Supplementary Discussion of Donald Barthelme's "The School"

  You are not assigned a specific question to answer in supplementary discussion, but feel free to use any of the question below or create your own. 

You are required to post to 5 supplementary discussions over the course of the semester. You can do more for extra credit, so long as you do it in the scheduled timeframe.

13 Questions To Ask of Every Story: 

1.          What makes this story “literary”? 

 

2.          Why is this story considered one of the best stories of the past hundred years? If it’s an old story, why has it endured?

 

3.          Why do you think this story was considered one of the best / most iconic stories at the time of its publication? What made it a “successful” story?

 

4.          Plot: What is the “rich ground situation” (conflict) of the story? What happens to complicate this ground situation?

 

5.          Plot: What is the climax of this story? How does the moment irrevocably change everything?

 

6.          Character: In what ways does the writer show character?

 

7.          Character: In what ways does the character drive the action of the story?

 

8.          Point of view: Why do you think the writer chose this particular point of view for the story? How does the point of view function to establish distance or make us feel a certain way?

 

9.          Setting: How does the setting work within the story? What are the key places, and in how does the writer describe them?

 

10.      Pick three of the best lines in the story. Why are they good lines?

 

11.      Do a little bit of research on this author. Is this story a good example of his/her work? Is there anything else you learned that could add to our understanding of the story?

 

12.      What do you think the reader is supposed to take from the story? What can we, as writers, learn from studying it?


13. How is this story similar to others we've read? How is it different?

Comments

  1. 5. Plot: What is the climax of this story? How does the moment irrevocably change everything?
    The climax of this story is when the puppy dies. It changes the entire mood of the piece going from a teacher talking about his classroom ( of what I'm assuming are grade schoolers) and the pet dog they have to discussions about death and the meaning of life. After the dog dies, we learn about parents dyeing as well as fellow students which is drastically from them talking about planting trees.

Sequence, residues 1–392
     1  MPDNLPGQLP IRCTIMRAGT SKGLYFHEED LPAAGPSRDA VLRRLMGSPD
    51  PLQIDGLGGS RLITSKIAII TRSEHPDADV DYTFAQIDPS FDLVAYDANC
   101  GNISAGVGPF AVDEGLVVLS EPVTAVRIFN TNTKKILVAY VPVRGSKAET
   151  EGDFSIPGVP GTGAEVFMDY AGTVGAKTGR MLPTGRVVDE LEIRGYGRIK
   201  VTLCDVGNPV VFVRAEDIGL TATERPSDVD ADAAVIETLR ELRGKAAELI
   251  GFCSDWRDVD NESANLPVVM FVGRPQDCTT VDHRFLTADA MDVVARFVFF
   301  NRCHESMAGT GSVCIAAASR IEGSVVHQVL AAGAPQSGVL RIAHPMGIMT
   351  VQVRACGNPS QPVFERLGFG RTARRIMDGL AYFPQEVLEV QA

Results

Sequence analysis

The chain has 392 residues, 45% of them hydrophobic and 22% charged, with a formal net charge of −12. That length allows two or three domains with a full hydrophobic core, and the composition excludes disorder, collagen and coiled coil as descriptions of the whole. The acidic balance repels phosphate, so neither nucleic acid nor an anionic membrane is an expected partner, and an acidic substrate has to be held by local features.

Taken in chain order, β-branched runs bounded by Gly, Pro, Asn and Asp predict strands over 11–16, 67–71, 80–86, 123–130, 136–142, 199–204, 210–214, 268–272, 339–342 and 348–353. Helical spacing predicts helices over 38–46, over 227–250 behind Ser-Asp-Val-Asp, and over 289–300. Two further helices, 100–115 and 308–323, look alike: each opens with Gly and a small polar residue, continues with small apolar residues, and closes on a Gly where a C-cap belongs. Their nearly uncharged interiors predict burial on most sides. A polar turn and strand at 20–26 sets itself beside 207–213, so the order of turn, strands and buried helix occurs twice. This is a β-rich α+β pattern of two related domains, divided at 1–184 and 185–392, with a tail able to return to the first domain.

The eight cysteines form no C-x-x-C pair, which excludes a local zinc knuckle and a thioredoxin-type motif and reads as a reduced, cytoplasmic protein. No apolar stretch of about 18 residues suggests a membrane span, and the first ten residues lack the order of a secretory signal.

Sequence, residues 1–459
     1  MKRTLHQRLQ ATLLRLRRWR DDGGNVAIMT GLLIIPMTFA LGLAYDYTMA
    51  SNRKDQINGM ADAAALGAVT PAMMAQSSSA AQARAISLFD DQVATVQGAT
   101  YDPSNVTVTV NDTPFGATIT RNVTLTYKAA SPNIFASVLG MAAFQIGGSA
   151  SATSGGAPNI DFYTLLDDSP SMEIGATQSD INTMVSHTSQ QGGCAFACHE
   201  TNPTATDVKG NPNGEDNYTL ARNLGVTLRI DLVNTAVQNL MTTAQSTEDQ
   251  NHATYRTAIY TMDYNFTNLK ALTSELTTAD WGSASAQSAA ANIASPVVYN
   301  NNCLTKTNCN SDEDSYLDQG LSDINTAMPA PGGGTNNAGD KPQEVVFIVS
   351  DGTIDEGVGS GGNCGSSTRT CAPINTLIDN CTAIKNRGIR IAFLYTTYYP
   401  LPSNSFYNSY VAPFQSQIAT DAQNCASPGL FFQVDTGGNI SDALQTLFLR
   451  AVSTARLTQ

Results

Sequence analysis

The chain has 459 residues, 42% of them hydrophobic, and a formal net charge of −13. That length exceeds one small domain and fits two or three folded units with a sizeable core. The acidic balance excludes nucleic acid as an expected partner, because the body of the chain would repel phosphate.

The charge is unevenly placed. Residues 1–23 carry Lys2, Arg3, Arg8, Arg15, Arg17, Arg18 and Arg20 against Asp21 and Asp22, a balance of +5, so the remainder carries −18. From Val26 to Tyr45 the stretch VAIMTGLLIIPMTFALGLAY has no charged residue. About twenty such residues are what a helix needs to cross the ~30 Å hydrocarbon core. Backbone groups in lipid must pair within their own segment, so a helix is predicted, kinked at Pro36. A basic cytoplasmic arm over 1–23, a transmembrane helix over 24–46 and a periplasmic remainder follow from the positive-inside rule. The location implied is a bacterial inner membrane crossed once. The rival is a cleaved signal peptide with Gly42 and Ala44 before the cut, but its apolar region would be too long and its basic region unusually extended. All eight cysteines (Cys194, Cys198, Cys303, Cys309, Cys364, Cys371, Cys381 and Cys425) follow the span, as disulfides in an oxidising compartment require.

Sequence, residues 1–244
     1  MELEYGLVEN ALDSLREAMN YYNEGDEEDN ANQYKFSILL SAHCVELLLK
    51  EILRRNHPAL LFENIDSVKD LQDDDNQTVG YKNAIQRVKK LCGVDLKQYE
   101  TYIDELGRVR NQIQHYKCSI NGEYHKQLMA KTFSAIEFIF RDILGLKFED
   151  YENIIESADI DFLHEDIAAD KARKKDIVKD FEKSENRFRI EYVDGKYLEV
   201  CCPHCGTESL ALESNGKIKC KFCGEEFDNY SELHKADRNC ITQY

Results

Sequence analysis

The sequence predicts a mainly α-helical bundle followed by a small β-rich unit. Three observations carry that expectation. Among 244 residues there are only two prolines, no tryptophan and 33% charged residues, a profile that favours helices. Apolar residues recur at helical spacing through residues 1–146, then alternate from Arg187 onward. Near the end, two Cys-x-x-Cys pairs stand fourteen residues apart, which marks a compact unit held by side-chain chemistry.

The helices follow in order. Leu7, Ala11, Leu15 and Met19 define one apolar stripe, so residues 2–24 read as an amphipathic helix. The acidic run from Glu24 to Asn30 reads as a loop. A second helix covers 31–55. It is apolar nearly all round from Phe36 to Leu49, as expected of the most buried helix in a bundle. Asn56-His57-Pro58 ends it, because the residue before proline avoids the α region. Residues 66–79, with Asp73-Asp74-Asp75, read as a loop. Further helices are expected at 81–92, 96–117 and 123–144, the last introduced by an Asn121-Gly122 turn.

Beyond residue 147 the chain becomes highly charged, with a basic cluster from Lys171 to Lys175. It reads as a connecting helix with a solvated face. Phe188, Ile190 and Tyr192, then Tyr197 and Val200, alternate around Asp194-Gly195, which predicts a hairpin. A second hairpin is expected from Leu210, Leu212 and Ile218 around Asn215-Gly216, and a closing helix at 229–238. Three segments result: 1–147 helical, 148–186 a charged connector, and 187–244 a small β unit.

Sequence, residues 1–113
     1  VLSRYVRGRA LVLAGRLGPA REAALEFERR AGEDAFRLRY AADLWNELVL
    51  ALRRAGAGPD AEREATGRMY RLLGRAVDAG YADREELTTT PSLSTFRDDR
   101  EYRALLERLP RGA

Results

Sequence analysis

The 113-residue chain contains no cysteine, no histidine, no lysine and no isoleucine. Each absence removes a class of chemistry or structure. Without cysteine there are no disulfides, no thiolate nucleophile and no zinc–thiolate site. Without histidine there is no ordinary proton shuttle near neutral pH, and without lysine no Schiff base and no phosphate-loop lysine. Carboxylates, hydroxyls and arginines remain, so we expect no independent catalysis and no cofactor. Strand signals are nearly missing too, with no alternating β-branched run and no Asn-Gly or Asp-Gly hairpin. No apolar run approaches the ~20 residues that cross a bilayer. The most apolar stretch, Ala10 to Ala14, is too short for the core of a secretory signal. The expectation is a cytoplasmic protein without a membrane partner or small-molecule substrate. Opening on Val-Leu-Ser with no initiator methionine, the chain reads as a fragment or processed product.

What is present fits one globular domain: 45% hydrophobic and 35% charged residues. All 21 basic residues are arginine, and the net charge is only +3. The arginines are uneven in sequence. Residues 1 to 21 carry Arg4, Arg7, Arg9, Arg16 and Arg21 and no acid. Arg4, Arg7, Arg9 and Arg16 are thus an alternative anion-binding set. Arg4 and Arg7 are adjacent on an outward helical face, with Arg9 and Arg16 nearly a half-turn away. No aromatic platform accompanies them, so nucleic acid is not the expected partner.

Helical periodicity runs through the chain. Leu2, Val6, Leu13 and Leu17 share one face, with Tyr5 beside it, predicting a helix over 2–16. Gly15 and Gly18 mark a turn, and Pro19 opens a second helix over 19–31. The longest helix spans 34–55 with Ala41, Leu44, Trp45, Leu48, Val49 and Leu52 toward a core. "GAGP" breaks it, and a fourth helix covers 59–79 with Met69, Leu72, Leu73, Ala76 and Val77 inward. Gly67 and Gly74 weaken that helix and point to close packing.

-Michael

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    1. That is a point of high tension. I would have said that the shiest tension, for me, is when the kids ask the teacher to make love with the assistant. There was no going back after that request!

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  2. 10. Pick three of the best lines in the story. Why are they good lines?

    1. "We weren't even supposed to have a puppy." This line was so well placed that it was almost comedic which I believe was the point, despite how dark it was.
    2. "Then they said, but isn't death, considered a fundamental datum, the means by which the taken-for-granted mundanity of the everyday may be transcended in the direction of-". I like this line because it is obvious that the children aren't saying this but it is a way for the author to reflect his ideas of death in the story and possibly show the purpose of the narrative.
    3. "Then there was a knock on the door, I opened the door, and the new gerbil walked in. The children cheered wildly." This is probably my favorite line of this story because it is so weird but also brilliant. The way I took it was that death is a natural part of life and things will continue on after it. All of the things at their school kept dying but yet, more things kept coming in that would eventually die. It was a representation of the circle of life.

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    1. Ack, I don't know who wrote this. Please identify. . .

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    2. Whoops, that was me! Sorry!
      -Bailey

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  3. I think what makes this piece so compelling is that it has this veneer of a casual, conversational tone, but the speaker’s own anxieties become more and more clear as the piece goes on. I think that having the speaker’s anxieties creep up on them slowly (feigning casualness while talking about the puppy, then Kim, then the family members, then Matthew and Tony, then Bill—) makes that dread about both what is going on at the school that leads to an uncanny series of deaths, and death itself. It makes the speaker’s actions with Helen at the end surprising and convincing. Yes, what they’re doing is irrational and incredibly inappropriate, but given how distressed the speaker is, there’s a sense that they too are looking for something to keep their mind off of this question that they can’t answer. They’re so close falling off the edge of this existential dread that they’ll do anything to step away from it. There’s such tension at that moment that they are going to do something incredibly harmful and stupid, that when the gerbil comes in—regardless of the fact that the speaker knows the gerbil will die—there’s a sense of relief, and the two step back from a point of no return.

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    1. I really like how you phrase this, like they're on the cliff of existential dread, about to fall off, and are rescued by the gerbil.

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  4. 9. Setting: How does the setting work within the story? What are the key places, and in how does the writer describe them?